Also, we want to make sure you can copy a DVD to a portable device so you can watch that movie elsewhere, like on our portable media centers. It'll be real interesting to see what Apple does when it brings out a video iPod.
But, it looks like this fight is just getting going and is becoming more interesting no matter which side of the fence you're on.
One other thing: why don't we just get rid of the idea that we need media altogether? I regularly deliver, on Channel 9, 1GB-long videos with only a few complaints. I'm sure that in a few years folks will be able to download 10GB files without any problems at all. The Media Center already has the ability to download huge video files in the middle of the night through RSS.
I think my bet is gonna be against either of these formats. Maybe Microsoft should have invested in BitTorrent?
What do you think?
Of the big three companies (Google/Microsoft/Yahoo) Yahoo is definitely getting RSS the best.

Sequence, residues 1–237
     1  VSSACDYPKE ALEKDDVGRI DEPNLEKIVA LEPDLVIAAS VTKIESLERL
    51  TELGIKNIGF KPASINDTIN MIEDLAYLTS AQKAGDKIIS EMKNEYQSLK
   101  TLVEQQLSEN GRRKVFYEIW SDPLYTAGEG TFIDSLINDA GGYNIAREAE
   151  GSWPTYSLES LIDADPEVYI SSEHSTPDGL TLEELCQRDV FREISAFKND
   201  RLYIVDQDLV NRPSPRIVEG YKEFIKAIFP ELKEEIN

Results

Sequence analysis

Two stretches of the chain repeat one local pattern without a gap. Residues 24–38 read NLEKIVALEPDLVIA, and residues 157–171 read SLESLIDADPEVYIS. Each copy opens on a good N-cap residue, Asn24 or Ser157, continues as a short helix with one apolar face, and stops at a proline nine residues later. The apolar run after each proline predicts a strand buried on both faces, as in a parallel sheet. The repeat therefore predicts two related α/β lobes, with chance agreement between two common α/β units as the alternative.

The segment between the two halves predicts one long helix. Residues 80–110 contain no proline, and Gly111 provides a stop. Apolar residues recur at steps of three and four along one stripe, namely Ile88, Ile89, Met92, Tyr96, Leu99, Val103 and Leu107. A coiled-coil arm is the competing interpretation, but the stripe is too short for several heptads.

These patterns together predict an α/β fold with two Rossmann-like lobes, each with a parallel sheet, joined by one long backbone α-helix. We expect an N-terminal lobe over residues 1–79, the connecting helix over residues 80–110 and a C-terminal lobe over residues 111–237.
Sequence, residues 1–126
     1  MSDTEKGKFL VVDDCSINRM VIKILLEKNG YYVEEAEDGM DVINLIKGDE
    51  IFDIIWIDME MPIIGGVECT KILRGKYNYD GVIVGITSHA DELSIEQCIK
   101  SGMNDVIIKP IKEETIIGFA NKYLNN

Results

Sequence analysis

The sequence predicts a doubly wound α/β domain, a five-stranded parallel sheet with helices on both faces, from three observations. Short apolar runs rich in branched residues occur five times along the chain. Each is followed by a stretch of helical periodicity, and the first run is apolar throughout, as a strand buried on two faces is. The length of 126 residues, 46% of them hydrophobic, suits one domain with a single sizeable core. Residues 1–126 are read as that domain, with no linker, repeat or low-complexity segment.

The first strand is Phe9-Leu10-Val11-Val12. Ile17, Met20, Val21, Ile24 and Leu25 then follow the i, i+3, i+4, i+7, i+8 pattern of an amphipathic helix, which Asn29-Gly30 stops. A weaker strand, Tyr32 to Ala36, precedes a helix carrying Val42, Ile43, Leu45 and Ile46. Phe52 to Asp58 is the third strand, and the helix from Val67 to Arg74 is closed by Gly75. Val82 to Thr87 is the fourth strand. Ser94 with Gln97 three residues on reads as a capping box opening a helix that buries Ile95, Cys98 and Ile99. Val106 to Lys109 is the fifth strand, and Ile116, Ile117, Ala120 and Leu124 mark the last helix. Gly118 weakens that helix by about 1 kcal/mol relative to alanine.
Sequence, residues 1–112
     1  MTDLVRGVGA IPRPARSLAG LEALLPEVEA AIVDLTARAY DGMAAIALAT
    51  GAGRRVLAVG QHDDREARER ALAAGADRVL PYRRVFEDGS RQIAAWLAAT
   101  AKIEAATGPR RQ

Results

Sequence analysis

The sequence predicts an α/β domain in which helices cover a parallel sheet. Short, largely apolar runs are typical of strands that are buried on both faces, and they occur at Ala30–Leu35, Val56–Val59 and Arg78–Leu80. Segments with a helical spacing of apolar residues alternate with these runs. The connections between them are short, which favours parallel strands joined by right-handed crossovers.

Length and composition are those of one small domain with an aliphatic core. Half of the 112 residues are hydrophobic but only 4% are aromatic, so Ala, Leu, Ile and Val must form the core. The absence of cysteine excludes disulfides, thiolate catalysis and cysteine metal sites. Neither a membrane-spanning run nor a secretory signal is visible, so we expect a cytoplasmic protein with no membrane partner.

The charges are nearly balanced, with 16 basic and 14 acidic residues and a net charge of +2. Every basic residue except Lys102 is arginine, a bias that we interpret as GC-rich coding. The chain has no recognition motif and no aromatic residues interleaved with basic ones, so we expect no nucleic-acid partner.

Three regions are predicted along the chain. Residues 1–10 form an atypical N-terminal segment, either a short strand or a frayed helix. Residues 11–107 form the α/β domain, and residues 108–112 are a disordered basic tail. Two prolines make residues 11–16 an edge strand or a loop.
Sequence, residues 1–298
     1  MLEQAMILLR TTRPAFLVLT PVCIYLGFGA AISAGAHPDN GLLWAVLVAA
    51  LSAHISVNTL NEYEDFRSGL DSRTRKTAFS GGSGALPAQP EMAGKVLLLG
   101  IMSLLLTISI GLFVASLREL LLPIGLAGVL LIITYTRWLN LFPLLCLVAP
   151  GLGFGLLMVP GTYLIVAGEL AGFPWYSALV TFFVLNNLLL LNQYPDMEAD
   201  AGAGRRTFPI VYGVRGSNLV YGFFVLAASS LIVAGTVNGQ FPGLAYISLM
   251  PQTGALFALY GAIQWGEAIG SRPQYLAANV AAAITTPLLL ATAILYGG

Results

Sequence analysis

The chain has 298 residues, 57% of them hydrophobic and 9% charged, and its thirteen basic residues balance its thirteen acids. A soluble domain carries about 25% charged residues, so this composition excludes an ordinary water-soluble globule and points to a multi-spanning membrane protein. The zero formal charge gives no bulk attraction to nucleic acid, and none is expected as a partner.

I believe, in fact, that real soon now this will start to turn their usage model upward. Translation: they are going to gain market share in the search space. Now, where is that market share going to come from? Well, 85% of the referers last month to Channel 9 came from Google.
It's suprising to me that the big companies still aren't taking RSS totally seriously. Yeah, Microsoft is putting RSS all over the place. Yeah, you can spit out MSN Searches via RSS. Which, actually, is pretty advanced and interesting. But Yahoo is going further.
The marketplace still hasn't rewarded Yahoo for this. I'm pretty sure it will. As Dean Hachamovitch over on the Internet Explorer team says, first there was Browse. Then there was Search. Now there's "subscribe." Yahoo ruled in the Browse age. Google ruled in the Search age. Now who'll rule in the Subscribe age?
That's the big question and right now Yahoo is out front.
Key findings in the Yahoo RSS report? Not many people are aware of RSS. Even fewer use RSS. But, those who use it are in an ultra valuable demographic (educated, affluent, young, and all that).
Translation: lots of opportunity to add value in this Subscribe world. The market is ahead of us, not behind us.